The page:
This week's wildfire smoke could serve as a climate wake-up call, experts say

People take photos of the sun
People take photos of the sun as smoke from the wildfires in Canada cause hazy conditions in New York City on Wednesday. (Angela Weiss/AFP via Getty Images)

The wildfire smoke that has gripped several U.S. cities and states this week may be a watershed moment in people's understanding of the reality of climate change, experts say.

“These days may wake millions of people up to the climate crisis all around them,” Leah Stokes, an environmental policy expert at the University of California, Santa Barbara, told Yahoo News. “It can be seen in the orange skies and the dirty air. We know from political science research that experiencing climate impacts like this can mobilize people to act politically on climate change. Whether that’s voting for a pro-climate ballot initiative, attending a protest or purchasing clean electric machines.”

Pictures worth a thousand words

Social media platforms are rife with eerie photos and videos from cities like New York, where the air has been the world’s most polluted at times in recent days. Widely followed accounts, including those of drummer and producer Questlove and James and Karla Murray, photographers who specialize in capturing local small business, posted alarming images of the city with captions on Wednesday decrying “apocalyptic air” and blasting “climate deniers.”

A new normal?

The Northeast and Upper Midwest are generally wet regions, unaccustomed to widespread wildfire smoke. To the extent that residents there have seen the effects of climate change firsthand, it has typically been in the form of unusually heavy rains or more powerful storms, like Hurricane Sandy in 2012.

But now those regions are in the thick of a massive plume of smoke originating from fires in Canadian provinces such as Ontario and Nova Scotia that experts say have been exacerbated by climate change.

A man stands in the Empty Sky 911 Memorial in Jersey City, New Jersey looking towards the One World Trade Center tower in lower Manhattan as haze and smoke caused by wildfires in Canada hangs over the skyline, June 8, 2023. (Mike Segar/Reuters)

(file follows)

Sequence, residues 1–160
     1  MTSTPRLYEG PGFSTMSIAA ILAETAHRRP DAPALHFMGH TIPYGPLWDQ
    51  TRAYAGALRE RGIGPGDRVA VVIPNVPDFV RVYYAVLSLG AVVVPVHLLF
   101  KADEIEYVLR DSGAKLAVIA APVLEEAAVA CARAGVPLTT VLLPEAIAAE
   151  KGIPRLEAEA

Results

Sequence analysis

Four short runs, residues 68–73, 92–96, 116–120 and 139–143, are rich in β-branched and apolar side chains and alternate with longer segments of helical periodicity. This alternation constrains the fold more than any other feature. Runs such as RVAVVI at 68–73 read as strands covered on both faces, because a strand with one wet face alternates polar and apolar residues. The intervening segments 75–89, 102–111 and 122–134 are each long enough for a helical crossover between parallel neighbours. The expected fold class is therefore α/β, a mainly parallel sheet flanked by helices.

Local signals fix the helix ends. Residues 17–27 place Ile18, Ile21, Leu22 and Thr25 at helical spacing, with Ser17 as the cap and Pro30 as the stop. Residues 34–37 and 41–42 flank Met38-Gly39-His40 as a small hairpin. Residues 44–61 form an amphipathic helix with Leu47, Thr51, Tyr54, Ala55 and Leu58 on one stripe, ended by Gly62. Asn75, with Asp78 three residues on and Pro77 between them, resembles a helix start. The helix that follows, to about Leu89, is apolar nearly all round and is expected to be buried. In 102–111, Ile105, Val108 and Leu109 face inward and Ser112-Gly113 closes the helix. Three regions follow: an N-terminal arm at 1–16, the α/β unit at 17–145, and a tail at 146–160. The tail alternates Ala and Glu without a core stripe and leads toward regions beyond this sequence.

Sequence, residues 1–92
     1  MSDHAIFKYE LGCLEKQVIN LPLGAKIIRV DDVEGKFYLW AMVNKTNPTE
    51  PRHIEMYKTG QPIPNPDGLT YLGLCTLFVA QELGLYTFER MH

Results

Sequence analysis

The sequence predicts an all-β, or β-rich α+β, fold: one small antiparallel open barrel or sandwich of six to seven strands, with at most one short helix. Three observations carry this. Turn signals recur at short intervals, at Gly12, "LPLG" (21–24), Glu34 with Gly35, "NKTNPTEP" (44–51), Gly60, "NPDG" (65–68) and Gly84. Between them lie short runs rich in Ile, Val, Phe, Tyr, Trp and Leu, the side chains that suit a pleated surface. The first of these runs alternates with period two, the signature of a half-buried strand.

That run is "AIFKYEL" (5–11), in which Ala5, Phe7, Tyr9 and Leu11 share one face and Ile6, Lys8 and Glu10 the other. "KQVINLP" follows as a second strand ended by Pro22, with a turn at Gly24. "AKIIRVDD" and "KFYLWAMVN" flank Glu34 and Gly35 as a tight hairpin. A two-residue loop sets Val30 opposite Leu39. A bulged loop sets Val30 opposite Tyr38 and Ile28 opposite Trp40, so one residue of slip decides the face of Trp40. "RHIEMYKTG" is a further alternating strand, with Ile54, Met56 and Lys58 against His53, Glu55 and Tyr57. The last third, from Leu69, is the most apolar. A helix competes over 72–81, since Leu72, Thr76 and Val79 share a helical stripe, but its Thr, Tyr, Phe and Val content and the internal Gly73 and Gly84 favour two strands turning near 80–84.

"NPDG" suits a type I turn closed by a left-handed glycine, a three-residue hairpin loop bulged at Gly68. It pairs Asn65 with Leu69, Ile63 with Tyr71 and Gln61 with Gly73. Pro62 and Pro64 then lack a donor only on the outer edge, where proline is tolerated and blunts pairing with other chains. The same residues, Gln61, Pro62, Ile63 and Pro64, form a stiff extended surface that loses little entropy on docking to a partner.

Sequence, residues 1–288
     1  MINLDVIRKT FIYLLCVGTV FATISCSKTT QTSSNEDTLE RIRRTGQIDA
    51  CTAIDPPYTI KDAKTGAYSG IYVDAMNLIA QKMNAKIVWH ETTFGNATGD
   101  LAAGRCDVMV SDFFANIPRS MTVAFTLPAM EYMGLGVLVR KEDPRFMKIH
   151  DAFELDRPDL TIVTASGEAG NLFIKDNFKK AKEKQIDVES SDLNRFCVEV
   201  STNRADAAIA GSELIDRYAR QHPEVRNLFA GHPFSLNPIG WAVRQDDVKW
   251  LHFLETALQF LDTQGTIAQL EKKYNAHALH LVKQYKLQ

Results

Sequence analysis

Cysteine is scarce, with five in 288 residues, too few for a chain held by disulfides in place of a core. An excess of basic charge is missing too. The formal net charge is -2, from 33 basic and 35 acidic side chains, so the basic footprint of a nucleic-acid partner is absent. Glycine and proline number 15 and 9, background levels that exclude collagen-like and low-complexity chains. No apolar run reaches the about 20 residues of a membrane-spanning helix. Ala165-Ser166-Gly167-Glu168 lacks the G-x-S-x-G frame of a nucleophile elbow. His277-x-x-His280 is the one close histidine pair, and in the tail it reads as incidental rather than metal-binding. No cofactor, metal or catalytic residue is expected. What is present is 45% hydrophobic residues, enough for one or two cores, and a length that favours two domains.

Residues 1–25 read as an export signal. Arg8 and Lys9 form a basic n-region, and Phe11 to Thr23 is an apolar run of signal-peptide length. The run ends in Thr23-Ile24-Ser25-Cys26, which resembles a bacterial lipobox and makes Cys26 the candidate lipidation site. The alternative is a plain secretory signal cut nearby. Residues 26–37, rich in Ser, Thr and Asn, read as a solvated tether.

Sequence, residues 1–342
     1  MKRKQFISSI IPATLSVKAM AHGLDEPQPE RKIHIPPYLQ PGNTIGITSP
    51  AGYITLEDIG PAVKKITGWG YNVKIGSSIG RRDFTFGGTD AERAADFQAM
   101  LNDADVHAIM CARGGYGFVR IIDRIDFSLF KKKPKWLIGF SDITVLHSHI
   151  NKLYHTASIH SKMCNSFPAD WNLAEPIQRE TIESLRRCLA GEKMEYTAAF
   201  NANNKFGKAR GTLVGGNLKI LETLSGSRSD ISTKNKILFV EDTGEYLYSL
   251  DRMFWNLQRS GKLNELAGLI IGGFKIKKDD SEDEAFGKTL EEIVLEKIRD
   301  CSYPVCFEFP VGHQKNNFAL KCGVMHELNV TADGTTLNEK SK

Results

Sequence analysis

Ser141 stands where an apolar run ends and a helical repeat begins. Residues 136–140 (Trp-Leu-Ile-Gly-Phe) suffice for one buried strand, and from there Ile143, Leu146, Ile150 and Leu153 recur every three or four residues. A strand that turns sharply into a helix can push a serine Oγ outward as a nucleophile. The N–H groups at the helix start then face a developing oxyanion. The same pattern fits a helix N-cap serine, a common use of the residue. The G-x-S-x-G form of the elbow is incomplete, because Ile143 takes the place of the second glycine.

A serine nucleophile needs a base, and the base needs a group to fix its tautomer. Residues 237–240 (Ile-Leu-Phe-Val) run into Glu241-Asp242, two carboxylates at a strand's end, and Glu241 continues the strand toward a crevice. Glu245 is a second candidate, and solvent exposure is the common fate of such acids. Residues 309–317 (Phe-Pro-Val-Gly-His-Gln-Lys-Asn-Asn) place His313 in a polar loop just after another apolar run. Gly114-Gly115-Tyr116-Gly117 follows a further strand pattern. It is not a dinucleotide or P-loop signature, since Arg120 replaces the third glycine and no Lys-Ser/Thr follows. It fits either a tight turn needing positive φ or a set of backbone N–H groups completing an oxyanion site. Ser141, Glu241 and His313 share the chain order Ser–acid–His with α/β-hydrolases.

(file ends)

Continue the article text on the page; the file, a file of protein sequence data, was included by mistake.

The World Trade Center tower in lower Manhattan as seen from Jersey City, N.J., on Thursday. (Mike Segar/Reuters)

“I attended a play reading in Midtown [Manhattan] on Wednesday night,” Sergei Burbank, a 43-year-old New York City-based playwright, told Yahoo News. “While the haze was mildly irritating during quick trips around my Brooklyn neighborhood and definitely scary to look at out the window, after four hours on the subway and in Manhattan, I coughed through the night, woke up spitting blood, and my voice has been reduced to a Tom Waits snarl all day. I have never been forced to experience the physical toll sudden climate shifts like this take in such a painful, immediate way.”

Experts say that climate change will make such shifts more common.

“Wildfires are more intense than they used to be, because you have drier wood, you have a longer dry season and you have higher temperatures, all of those contribute to more intense wildfires,” Mark Jacobson, director of the Atmosphere/Energy program Stanford University, told Yahoo News.

How experience informs public opinion

Climate change and air pollution experts say that growing, tangible problems like wildfire smoke and extreme heat have already brought the problem home for many Americans.

“I’ve been working on air pollution and climate change advocacy for more than a decade and I’ve been seeing that, increasingly, we have to do less and less work to help people understand the connections between climate change and their health,” Laura Kate Bender, national assistant vice president for healthy air at the American Lung Association, told Yahoo News.

The sun is shrouded as it rises in a smokey sky behind the Empire State Building in New York City on June 8, 2023, as seen from Jersey City, New Jersey. (Photo by Gary Hershorn/Getty Images)
The sun is shrouded as it rises in a smokey sky behind the Empire State Building in New York City on June 8, 2023, as seen from Jersey City, New Jersey. (Photo by Gary Hershorn/Getty Images)

There is some historical precedent for air pollution inspiring policy change. In 1952, four days of especially bad smog — caused largely by the soot from burning coal — caused the deaths of an estimated 12,000 Londoners, which galvanized public support for United Kingdom’s first Clean Air Act, passed in 1956.

Similar events in the United States led to the passage of the U.S.’s first environmental laws as well. As a result, American air consistently got cleaner for four decades, although that progress has been recently undermined by increased particulate pollution from worsening wildfires, according to the American Lung Association’s latest State of the Air, which gathers air monitoring data nationwide.

But longtime observers note that the public’s memory can be short.

“I think it will galvanize people right now, whether they’ll remember two weeks from now what happened is a different story,” Jacobson said.